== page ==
Webpages by hmoda


									    Web Pages and E-Commerce

         A guide to HTML and other issues

MSc E-Commerce
• Hyper Text Markup Language
• Consists of a fixed set of tags or elements
    – e.g. <HEAD> <BODY> <TABLE>
• Most tags (but not all) have ending tags
    – e.g. <TABLE> </TABLE>
• Many tags have attributes, whose values can
  be set
    – g.g. <BODY bgcolor=“yellow”>
MSc E-Commerce
                         The Browser
• Presents the user interface ( Web Page) to the user
• Browsers understand HTML
• HTML sent in plain text to Browser, which makes the
• HTML is not very strict
   – Attribute values OK with or without quotes “”
   – NB Always use “” around attribute values, why?
       • <input type=“text” name=“txt1” value=John Smith >
       • Value will actually be John not John Smith
• Browsers can often handle poor HTML

   MSc E-Commerce
                 Browser Laxity
•   Browsers lax about HTML syntax
•   Tolerant of lack of well-formed rules
•   <p> came to mean new line not paragraph
•   <b> Bold is turned off by <I> as well as </b>
•   HTML authors became lax too
•   Hand held devices lack power to interpret lax
MSc E-Commerce
• It is recommended that web pages should use XHTML
  rather than HTML to get round some of the laxity
  problems with HTML
• XHTML is a stricter version of HTML based on XML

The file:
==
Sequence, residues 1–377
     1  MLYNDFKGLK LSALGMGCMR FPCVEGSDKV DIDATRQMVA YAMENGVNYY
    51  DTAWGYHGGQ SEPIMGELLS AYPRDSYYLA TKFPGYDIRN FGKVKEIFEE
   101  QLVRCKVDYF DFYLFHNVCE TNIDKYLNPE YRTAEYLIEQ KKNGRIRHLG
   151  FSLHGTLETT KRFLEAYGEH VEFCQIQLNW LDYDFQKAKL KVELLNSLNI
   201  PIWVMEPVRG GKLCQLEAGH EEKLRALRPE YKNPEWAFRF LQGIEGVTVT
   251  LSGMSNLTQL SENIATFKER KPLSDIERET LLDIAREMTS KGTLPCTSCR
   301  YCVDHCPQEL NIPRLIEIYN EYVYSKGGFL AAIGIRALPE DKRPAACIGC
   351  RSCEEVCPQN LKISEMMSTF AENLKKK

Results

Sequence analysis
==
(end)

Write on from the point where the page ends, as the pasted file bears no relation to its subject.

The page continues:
– All attribute values must be within quotes “ “ or ‘ ‘
   – All tags must have a closing tag e.g <p> …</p> or must be
     closed e.g. <br /> not just <br>
   – Tags are case sensitive
   – Tags must be nested correctly
• Note: these rules are not enforced by Browsers, but it
  may help with displays on other devices
  MSc E-Commerce
                  Rival Browsers
• Internet Explorer – most widely used
• IE runs on Windows and Macs – not Linux
• Firefox – newer cross platform Browser – has growing market
• Other Browsers only small % share today
    – Netscape, Opera and others
• Various versions of all the main browsers
• Problem – some differences between the main browsers and
  between different versions of browsers
• IE 6 is now a little old – newer versions of other browsers
  implement current standards more than IE does

MSc E-Commerce
     Browser HTML Differences
• Should not be differences with HTML with
  latest versions
• Netscape - older versions
    – had <LAYER> not <DIV>
    – Does not support absolute positioning
• HTML Control tags (<INPUT…>) not
  visible in Netscape unless within
MSc E-Commerce
                 Extra Features
• Browsers added non-standard features for
  competitive advantage
• Standards lagged behind Browsers
• Browsers added support for Frames, Script,
  <OBJECT> tag, and style sheets
• Dynamic HTML for client processing
• XML (Fairly recent versions of Browsers
MSc E-Commerce
                 Some Problems
• Support for new features varies
• Client side Script -
    – IE 4 - JScript VBScript
    – Other Browsers - JavaScript
    – some minor differences between JScript and
• Objects -
    – IE Applets and ActiveX
    – Other Browsers - Applets only
MSc E-Commerce
    – IE – Yes – other Browsers extent of support
      varies, particularly with older versions
• Result - Script may not work in Browser
• Solutions
    – Limit use of client script
    – Prepare different versions for particular browsers
    – Tell user to use particular browser - good idea?

MSc E-Commerce
• XML must be transformed into “HTML”
  for display in a Browser
• Can be done on client through use of
  attached style sheets BUT there are browser
  version problems
• Solution – transform on Server and send out
  content in “HTML”

MSc E-Commerce
   Displaying XML in a Browser
• In IE 5 and Netscape 6
    – as an XML Tree (not suitable for Web Page)
    – formatted by CSS Style Sheet